I didn’t spot any recommendations about the temperature of hot beverages from either BSI or HSE. The touch temperatures have been long established internationally and are given in the ISO (International Standards Organisation) document in the following comment.

Do the standards agree with common sense? I don’t think so, otherwise Linsay and others would not be concerned.

If you Google “bsi and oven temperatures” the first result will give you the correct recommendations as per BSI.

On a personal level I’m not entirely in agreement with those as, in my own opinion, they are not tight enough but they are the set standards and so far as I am aware in line with or exceeding EU guidelines.

People that are sensitive to heat or have sensitive skin types can feel this to be far too warm, it shouldn’t burn however as the argument goes that it’s not hot enough to do so instantly therefore, you’d sense it warm and take your hand away negating the risk of a burn. Which I kinda get and cookers will get warm regardless of flavour but it can be controlled by design to a large degree.

I always urge people when buying a cooker or built in oven to either look for one that is of a very good design to manage heat which means seeking professional advice on what to buy and having a pretty good budget to spend. Or, you need to look for one that has a cooling fan fitted to cool the fascia and door. Either of those options will not be budget machines but, if you want the facia and door to be cool when in use they are the only options available to look at.

Anything else will all too often prove to be skirting the limits allowed by the agreed standards as I think you will find is the case here as it sounds like, depending on the materials, that is indeed conforming to standard.

Put it this way, from hundreds of appliances I’ve seen over the years I’ve yet to come across one that didn’t conform to the BSI standards when tested.

Whether I personally agree with it or not isn’t really relevant in that.


I agree that it is worth seeking professional advices, but surely that should not be necessary. I don’t remember the controls on a traditional electric cooker becoming hot.

Diabetics can suffer from peripheral neuropathy, making them unable to feel pain. Generally the feet are the problem and the lack of feeling can result in tissue death. Standards should be there to serve our needs.

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The document dealing with hot touchable surfaces is ISO 13732-1 “Ergonomics of the thermal environment – methods for assessing of human responses to contact with surfaces part 1 Hot surfaces”.
Briefly this document looks at the relation between the time of contact, the type of material, surface texture and skin sensitivity, and the temperatures for “no burn”, “burn threshold” and “burn”. It considers children, adults and the elderly. It allows assessments to be made of the maximum recommended temperatures for different types of touchable components.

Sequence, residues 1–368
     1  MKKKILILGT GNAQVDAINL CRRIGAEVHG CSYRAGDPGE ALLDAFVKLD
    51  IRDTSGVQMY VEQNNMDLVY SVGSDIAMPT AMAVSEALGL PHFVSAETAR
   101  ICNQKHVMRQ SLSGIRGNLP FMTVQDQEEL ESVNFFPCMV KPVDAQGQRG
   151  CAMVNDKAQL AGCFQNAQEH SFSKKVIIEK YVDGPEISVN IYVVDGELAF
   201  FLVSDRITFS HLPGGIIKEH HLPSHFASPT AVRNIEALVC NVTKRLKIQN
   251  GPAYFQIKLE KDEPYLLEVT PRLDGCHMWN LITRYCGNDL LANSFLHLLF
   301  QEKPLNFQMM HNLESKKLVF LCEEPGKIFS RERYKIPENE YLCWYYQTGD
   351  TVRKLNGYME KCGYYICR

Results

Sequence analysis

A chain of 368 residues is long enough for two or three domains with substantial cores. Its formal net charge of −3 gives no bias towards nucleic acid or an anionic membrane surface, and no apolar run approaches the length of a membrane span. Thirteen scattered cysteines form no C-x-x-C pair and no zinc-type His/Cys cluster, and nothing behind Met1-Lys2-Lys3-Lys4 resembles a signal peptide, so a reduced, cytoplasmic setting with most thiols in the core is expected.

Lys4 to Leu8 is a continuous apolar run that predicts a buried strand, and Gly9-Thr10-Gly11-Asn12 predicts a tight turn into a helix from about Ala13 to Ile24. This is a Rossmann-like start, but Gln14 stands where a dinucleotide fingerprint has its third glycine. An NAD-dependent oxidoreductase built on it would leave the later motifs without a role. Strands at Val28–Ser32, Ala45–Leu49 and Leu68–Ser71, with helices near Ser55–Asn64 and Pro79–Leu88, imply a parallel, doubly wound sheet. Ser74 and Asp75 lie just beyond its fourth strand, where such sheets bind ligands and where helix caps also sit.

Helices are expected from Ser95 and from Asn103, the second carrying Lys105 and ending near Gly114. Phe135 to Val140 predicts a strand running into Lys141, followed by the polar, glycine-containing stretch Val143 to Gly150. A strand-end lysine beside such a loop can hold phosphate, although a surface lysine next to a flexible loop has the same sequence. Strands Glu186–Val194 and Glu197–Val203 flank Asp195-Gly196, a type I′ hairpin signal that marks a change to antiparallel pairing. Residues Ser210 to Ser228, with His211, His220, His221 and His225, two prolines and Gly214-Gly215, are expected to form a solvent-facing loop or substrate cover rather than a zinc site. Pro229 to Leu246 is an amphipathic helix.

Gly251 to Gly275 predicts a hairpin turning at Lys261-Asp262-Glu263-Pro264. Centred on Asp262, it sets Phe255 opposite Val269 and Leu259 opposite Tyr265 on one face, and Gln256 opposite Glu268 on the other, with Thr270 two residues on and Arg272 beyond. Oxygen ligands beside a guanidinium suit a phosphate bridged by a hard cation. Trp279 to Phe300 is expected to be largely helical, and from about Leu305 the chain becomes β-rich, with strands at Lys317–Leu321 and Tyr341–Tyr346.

For example for a contact time of 4 to 10 secs (for example turning a control knob) the limiting (no burn) temperature for coated metal is 60 to 55 C, and for plastic 75 to 70 C

I have a bush double oven and the knob I turn to put the fan on isn’t connecting properly Thankyou

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Hi All
I have a Leisure range 90cm electric cooker and both ovens are not working, the fan oven in one of them is working with light coming on too but no heat, could this be the element gone in both ovens ??

Hi Antionette,
Is the clock working and set?

When the clock stopped working on my cooker, neither of the ovens would work. The digital time just flashed and I couldn’t do anything with it.

I never use the clock on it since I got it

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Is the fuse easy to fix ??

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If the timer is computer controlled it might be worth turning off the power for a few minutes or even overnight to reset it. Most of us are familiar with restarting computers but turning off the power can sort out all sorts of problems. Many years ago, my car stereo worked fine but none of the CDs would eject. Disconnecting the power was the solution and I never had the same problem again. Apart from needing to reset the clock, there is nothing to lose by trying.


We purchased a Leisure Cookmaster CK100F232 in November 2014.

We were very disappointed from the start with the fan oven as it burnt food at the rear of the oven, but left food undercooked at the front.